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W. Douglas Catterall <firstname.lastname@example.org>
Cameron University of Oklahoma
1) Mentalities of migration in the 18th-century Atlantic World and the interactions between diasporic networks, diaporic institutions, and host communities.
2) Efforts to track and control movement in preindustrial European societies, i.e. precursors to modern systems of passport control and citizenship designation and their impact on everyday life.
3) Women in the informal public sphere of early modern European seaports and cities in general
Some current areas of interest:
1) tracing the production of social memory in preindustrial societies and role of individual manipulation of social memory in connecting common folk to the production of memories and of history
2) reconstructing agency in informal contexts for outsider/subaltern groups and examining their impact on political institutions, belonging, and community identity
3) community/state relations
4) the cultural impact of migration
5) non-state collectivities (e.g. networks)
6) identity and identity formation in the preindustrial era
|Address:||Department of History & Government
School of Liberal Arts, Cameron University
2800 W. Gore Boulevard
Lawton, Oklahoma 73505
|Primary Phone:||(580) 581-2949|
|Secondary Phone:||(405) 525-2188|
|Fax Number:||(580) 581-2941|
|List Affiliations:||Review Editor for H-Atlantic
Reviewer for H-Minerva
Ethnic History / Studies
European History / Studies
Medieval and Byzantine History / Studies
Urban History / Studies
Women, Gender, and Sexuality
World History / Studies
University of Minnesota, Twin Cities
Ph.D. in History, October 1998
University of Pennsylvania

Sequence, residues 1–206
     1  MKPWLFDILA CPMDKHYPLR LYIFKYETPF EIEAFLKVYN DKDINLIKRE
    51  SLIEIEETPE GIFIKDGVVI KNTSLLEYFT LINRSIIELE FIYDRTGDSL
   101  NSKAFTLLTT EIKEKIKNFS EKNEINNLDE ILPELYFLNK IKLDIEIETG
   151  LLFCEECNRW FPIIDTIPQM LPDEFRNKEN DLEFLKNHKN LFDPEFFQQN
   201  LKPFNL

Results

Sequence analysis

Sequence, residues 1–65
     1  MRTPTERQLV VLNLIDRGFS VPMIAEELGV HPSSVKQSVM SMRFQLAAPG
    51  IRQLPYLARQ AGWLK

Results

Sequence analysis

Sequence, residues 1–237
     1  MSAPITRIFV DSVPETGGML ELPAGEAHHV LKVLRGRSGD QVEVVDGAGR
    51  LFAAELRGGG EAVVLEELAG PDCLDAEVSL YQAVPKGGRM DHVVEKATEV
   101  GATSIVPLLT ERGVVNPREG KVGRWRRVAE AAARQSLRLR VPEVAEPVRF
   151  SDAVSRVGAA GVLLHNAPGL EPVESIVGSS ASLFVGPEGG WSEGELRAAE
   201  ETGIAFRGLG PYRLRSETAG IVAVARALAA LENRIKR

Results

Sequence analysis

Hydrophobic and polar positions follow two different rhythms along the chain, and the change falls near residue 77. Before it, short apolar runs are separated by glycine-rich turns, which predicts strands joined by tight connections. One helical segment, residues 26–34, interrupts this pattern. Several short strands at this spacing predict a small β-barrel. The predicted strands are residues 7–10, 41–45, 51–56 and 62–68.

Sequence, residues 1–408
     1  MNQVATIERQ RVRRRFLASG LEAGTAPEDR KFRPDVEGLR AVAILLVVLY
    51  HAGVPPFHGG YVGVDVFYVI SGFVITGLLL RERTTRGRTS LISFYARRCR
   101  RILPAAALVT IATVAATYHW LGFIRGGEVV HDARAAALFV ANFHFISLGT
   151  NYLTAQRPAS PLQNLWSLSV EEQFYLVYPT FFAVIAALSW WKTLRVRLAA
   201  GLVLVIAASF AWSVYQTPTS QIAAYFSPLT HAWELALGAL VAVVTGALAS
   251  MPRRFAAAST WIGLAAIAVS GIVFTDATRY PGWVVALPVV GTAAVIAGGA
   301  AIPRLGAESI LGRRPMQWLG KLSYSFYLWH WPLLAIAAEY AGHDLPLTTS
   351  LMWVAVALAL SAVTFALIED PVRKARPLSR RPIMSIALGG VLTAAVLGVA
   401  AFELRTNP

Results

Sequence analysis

B.A., Economics, English Literature and History (with Honors), 1989
Associate Professor of History, Cameron University (2006/2007-Present)
Assistant Professor of History, Cameron University (academic year 2000/2001-2005/2006)
Assistant Professor of History, College of St. Benedict/St. John’s University (academic year 1999-2000)
Instructor, Department of History, University of Minnesota (fall 1997, spring 1998 & summer 1998)
Teaching Assistant, Department of History, University of Minnesota (academic years 1991-1992, 1992-1993 & 1995-1996)
Guest Researcher, Department of Economic History, Handelshögskolan vid Göteborgs universitet, (January-August 2007)
Postdoctoral Research Associate, James Ford Bell Library and the Center for Early Modern History, University of Minnesota (academic year 1998-1999)
Postdoctoral Research Assistant, University of Minnesota History Project (fall 1998)
Research Assistant for Dr. S.E. Lehmberg (winter 1998 & summer 1998)
Service to Community and the Profession
Speaker Coordinator for "Public Policy Forum V - Alternative Energy: Promoting and Realizing the New Energy Frontier Today," a public policy forum on alternative energy held at the CETES Conference Center at Cameron University on October 28, 2010.
Member, Editorial Board of Civitas, the peer-reviewed journal of the Northwest Oklahoma State University Masonic Institute for Citizenship Studies